While the exact causes of these conditions are not fully understood, emerging research suggests that an imbalance in gut bacteria, known as dysbiosis, plays a crucial role in the development of both seronegative and seropositive arthritis. 

Dysbiosis refers to an imbalance in the composition and function of the gut microbiota. The gut microbiota consists of trillions of microorganisms that play a vital role in maintaining our overall health. When this delicate ecosystem is disrupted, it can lead to various health problems, including autoimmune conditions like arthritis.

Dysbiosis and Seronegative Arthritis:

Recent studies have shown that individuals with seronegative arthritis often exhibit alterations in their gut microbiota. The imbalance in gut bacteria can trigger an immune response, leading to chronic inflammation and joint damage. Additionally, dysbiosis can influence the permeability of the intestinal barrier, allowing bacteria and toxins to leak into the bloodstream, further exacerbating the inflammatory response.

Dysbiosis and Seropositive Arthritis:

Research suggests that dysbiosis may contribute to the development of seropositive arthritis by influencing the immune system.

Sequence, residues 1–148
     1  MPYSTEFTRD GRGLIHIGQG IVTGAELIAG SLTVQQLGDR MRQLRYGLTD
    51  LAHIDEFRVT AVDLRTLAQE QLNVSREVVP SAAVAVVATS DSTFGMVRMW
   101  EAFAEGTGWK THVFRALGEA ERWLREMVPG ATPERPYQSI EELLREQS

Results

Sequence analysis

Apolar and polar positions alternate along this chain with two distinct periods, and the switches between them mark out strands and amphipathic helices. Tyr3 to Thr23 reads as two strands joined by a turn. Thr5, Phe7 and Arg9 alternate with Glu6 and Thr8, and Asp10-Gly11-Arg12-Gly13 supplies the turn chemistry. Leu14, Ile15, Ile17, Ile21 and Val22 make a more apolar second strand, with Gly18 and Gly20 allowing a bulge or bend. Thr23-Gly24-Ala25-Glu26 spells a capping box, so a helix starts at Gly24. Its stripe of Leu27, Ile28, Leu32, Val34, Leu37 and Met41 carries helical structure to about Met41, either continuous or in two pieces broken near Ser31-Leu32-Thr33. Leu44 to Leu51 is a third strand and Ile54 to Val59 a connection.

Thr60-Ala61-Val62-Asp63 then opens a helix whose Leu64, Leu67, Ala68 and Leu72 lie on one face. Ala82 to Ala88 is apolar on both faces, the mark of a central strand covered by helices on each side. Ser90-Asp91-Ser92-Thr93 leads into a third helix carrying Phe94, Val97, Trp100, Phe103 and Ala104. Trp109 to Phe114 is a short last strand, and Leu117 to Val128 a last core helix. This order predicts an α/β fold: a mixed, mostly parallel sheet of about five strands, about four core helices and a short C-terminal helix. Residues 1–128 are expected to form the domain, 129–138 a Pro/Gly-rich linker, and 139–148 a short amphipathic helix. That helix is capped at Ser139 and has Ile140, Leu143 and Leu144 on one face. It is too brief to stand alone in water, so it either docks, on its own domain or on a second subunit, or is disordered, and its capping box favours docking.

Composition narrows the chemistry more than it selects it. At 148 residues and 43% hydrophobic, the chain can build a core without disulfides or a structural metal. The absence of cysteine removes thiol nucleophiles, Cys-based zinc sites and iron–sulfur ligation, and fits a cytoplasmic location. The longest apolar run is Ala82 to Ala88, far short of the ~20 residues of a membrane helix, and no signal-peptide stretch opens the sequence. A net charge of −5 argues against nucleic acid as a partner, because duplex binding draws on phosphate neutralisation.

Imbalanced gut bacteria can stimulate an abnormal immune response, leading to the production of autoantibodies and chronic inflammation. Moreover, dysbiosis can impact the production of short-chain fatty acids, which play a crucial role in regulating immune responses and inflammation. 

Functional Medicine

Functional medicine can play a supportive role in the treatment of these chronic conditions.

Because both these conditions have similarities it makes it difficult for conventional medicine practitioners to properly diagnose and treat either in a timely manner. A highly trained functional medicine practitioner however, like Dr. Autoimmune, can differentiate the symptoms between the two, therefore fixing and reducing a patient’s inflammation and symptoms. 

As a trained functional medicine practitioner, there are several steps you can take to address dysbiosis, reduce inflammation, and alleviate symptoms in patients with seronegative and seropositive diseases.

While functional medicine alone may not provide a cure, it addresses the underlying factors contributing to the development and progression of the condition, and improves overall well-being. 

Here are some ways a well trained  functional medicine practitioner like Dr. Autoimmune does this:

Comprehensive Assessment: 

Functional medicine practitioners like Dr. Autoimmune, take a holistic approach to patient care. He would start by conducting a thorough assessment of the patient’s medical history, symptoms, and current health status. This includes reviewing any available lab results, imaging reports, and clinical notes. 

Next, Dr. Autoimmune would conduct a thorough evaluation to identify the root cause(s) such as diet, lifestyle, stress levels, medication use, environmental exposures, nutrition, stress and gut health are all taken into consideration.